Creative Biolabs provides a method for increasing the level of protein fusions displayed on the surfaces of M13 bacteriophage particles.
Once proteins are surface displayed, methods like in vitro binding to an immobilized target molecule can be used to select proteins with high affinities. The sequences of the selected proteins can be readily deduced by sequencing the encapsulated DNA. Low copies of proteins have been displayed on M13 phage through fusion to either the P8 major coat protein or the P3 minor coat protein. Theoretically, the protein display levels should be much affected by the choice of the phagemid coat protein, since P8 is present in 2,700 copies per phage, whereas P3 5 copies per phage. However, in practice protein display levels on P8 are strongly dependent on protein sequence and length: longer polypeptides are associated with decreased display levels.
To increase the protein display level of M13 bacteriophage particles, our scientists have introduced seven-sites mutations into the N-terminal half of the P8 coat protein. This technique can work well with various proteins, and has been reported to improve the display levels of streptavidin and human growth hormone (hGH) for almost 100-fold. This dramatic improvement is because of a better accommodation of the fusion protein in the phage coat. This method allows weaker protein binders to be selected initially from both naive and small peptides libraries, and also extend phage display to the investigation of proteins with potentially novel and modified functions, which have been previously proven intractable by phage display techniques.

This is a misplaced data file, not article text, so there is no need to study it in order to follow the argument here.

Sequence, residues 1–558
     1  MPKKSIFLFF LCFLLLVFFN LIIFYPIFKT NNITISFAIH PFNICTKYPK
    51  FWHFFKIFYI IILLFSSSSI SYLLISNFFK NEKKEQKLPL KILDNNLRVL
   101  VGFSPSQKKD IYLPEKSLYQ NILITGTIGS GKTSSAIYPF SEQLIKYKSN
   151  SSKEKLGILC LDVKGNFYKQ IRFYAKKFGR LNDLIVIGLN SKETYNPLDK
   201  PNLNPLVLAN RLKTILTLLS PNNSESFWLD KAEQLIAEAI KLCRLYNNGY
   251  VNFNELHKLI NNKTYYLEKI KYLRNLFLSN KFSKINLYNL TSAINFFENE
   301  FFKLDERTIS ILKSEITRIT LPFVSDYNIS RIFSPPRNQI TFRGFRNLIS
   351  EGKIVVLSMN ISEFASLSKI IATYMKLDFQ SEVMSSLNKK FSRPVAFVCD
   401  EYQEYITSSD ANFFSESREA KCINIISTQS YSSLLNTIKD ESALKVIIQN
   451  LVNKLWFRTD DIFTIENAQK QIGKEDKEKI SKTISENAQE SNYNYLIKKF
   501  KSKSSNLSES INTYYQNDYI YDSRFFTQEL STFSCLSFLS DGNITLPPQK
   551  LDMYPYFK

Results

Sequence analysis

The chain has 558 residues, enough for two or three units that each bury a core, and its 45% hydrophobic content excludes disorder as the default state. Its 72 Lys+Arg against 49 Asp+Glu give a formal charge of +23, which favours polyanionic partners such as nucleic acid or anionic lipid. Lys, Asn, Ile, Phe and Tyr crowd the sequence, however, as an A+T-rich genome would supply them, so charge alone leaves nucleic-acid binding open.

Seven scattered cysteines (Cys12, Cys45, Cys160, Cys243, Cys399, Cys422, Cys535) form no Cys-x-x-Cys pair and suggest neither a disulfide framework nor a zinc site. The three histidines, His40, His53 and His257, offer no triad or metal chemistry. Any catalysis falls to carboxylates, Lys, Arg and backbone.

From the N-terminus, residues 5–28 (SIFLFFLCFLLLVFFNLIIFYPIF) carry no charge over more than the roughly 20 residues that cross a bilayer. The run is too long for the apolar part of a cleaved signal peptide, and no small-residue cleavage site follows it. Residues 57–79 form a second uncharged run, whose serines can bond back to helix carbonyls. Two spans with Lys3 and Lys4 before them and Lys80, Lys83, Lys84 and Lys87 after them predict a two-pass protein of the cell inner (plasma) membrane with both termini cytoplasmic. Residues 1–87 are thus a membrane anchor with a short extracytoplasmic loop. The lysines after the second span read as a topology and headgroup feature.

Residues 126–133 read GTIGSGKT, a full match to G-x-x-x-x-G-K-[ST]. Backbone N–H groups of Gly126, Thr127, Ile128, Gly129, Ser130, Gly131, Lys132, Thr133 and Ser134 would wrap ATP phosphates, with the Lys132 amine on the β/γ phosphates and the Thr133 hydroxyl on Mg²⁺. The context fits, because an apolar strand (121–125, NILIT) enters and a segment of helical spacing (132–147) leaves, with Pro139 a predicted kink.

Fig. 1 Structure of a filamentous M13 bacteriophage. (Fukunaga and Taki, 2012)
RGD peptides have been displayed by M13 bacteriophage, and used for extracelluar matrix synthesis together with poly-lactic-co-glycolic acid nanofibers by electrospinning. The physicochemical properties and the cellular behaviors of the matrices were evaluated. The cellular behaviors and differentiation of C2C12 myoblasts have been improved on the matrices. An electrode has been designed with glucose oxidase covalently attached to gold nanoparticles assembled onto a genetically engineered M13 bacteriophage. The electrode exhibits direct electron transfer (DET) with a higher peak current per unit area of 1.2 mA/cm2, and a final enzyme surface coverage of about 4.74 × 10-8 mol/cm2. That is a significant improvement over most current glucose oxidase (GOx) DET attachment methods. The M13 bacteriophage was also engineered as a sensor for ferric and ferrous ions via the display of a tyrosine residue on the P8 coat protein, based on the interaction between the specific phenol group of tyrosine and Fe3+ / Fe2+. We can design more exciting applications using M13 bacteriophage protein display, and bring the best out of your protein engineering projects.